5. Unattended devices
Never leave your device, be it a smartphone, laptop, desktop or any storage media, unattended. It’s an open invitation to bad actors with malicious intentions. And, always ensure that your devices are locked and with multi-factor authentication (MFA) enabled, and that any sensitive data is secured with passwords and encryption.
We’ve all seen the cheesy office slogans like ‘CTRL-ALT-DELETE before you leave your seat.’ They’re there for a reason, to make sure that you don’t leave the door open for a malicious bad actor that’s lurking, seeking to gain unauthorized access to your device, ergo, your company network, data and systems. It could even be a malicious insider that takes the opportunity to access your machine while the office is quiet over the holidays.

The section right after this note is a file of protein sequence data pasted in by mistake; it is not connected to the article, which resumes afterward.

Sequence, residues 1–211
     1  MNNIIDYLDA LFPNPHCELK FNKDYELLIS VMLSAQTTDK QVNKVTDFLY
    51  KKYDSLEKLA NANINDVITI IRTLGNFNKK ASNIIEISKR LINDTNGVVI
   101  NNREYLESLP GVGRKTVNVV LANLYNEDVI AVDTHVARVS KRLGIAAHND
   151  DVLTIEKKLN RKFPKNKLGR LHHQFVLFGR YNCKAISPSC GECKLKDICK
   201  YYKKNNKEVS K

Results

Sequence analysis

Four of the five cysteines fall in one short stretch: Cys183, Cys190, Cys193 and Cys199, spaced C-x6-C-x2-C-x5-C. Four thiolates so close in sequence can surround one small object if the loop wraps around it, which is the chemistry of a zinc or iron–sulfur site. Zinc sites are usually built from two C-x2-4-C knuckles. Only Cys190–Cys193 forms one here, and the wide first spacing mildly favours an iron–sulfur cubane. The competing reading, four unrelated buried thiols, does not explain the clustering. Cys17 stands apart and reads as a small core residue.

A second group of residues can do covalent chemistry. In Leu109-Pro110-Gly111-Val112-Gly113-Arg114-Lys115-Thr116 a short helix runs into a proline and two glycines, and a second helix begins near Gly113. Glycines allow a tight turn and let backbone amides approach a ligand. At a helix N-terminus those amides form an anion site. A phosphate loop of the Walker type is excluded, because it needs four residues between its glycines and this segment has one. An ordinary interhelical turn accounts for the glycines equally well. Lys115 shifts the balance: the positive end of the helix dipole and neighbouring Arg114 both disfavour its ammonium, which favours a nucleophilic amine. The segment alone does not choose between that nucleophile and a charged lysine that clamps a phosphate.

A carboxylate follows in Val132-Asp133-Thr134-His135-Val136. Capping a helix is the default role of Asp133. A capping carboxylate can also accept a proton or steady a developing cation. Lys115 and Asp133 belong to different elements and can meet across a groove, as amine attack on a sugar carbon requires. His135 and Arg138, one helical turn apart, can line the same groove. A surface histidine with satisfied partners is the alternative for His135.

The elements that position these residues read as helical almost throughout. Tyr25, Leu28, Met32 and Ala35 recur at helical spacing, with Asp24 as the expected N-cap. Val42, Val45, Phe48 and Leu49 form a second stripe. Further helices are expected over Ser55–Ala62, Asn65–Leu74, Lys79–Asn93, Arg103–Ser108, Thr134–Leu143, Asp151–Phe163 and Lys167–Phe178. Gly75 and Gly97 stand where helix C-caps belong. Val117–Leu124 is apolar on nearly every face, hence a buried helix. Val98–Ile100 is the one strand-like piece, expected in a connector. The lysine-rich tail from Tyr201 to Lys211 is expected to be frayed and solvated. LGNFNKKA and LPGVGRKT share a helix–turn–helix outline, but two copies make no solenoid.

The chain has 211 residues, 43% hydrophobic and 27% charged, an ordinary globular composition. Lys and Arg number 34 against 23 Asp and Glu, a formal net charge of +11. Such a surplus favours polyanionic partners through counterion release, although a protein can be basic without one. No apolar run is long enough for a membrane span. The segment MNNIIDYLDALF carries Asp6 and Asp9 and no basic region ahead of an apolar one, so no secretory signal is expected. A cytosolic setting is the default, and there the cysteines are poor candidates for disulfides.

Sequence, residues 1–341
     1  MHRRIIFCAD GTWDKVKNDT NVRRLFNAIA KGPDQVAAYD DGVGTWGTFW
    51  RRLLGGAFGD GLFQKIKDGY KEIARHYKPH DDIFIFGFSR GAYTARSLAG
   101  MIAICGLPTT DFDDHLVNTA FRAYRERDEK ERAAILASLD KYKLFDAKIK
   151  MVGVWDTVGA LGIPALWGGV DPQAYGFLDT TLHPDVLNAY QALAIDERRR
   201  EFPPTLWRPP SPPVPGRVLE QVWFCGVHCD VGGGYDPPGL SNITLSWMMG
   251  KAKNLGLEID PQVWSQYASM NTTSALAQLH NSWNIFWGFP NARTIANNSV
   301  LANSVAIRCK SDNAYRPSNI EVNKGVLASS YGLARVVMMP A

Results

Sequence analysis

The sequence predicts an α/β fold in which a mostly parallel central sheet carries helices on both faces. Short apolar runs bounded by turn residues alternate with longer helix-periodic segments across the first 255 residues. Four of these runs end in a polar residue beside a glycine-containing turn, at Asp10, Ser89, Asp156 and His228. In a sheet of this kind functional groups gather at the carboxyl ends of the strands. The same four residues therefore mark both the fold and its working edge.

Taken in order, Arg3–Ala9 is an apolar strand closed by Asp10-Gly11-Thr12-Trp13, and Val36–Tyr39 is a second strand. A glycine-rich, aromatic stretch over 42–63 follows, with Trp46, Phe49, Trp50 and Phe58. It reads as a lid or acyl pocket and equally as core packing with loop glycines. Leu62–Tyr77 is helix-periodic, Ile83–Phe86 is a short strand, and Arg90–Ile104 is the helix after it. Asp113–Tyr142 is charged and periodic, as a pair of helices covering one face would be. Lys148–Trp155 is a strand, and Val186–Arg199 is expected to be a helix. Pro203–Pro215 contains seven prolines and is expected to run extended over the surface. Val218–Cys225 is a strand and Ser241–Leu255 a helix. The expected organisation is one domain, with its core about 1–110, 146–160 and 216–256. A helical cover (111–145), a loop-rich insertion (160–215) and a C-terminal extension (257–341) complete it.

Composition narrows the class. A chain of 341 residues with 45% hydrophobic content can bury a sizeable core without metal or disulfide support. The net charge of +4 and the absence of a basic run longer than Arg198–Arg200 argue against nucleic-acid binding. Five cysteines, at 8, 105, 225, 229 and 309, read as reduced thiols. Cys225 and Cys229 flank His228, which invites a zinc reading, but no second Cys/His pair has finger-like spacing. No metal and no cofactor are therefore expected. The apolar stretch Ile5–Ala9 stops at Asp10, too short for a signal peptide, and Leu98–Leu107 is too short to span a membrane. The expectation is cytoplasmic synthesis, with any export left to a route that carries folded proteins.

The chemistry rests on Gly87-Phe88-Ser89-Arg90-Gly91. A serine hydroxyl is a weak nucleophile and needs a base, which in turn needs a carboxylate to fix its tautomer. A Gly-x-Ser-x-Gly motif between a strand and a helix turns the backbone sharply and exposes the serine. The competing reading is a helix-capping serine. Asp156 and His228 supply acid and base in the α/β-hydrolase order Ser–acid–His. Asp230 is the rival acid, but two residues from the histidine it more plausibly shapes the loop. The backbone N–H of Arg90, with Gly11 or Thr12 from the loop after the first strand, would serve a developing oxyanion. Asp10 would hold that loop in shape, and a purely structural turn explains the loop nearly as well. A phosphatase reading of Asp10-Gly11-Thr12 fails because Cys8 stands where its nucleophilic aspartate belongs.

Furthermore, adjust your notification settings so that alerts aren’t visible and other services aren’t accessible when your device is locked. For example, simply scroll the notification centre alerts that are visible on most iPhones without access to passcodes or any other special device access, and they can reveal which services you’re subscribed to, recent transactions, upcoming appointments, who your contacts are, missed calls and messages, where your contacts are and other insights into your movements and network over the past few days. It’s enough to give a bad guy the upper hand when it comes to crafting their next assault.
6. Shut down devices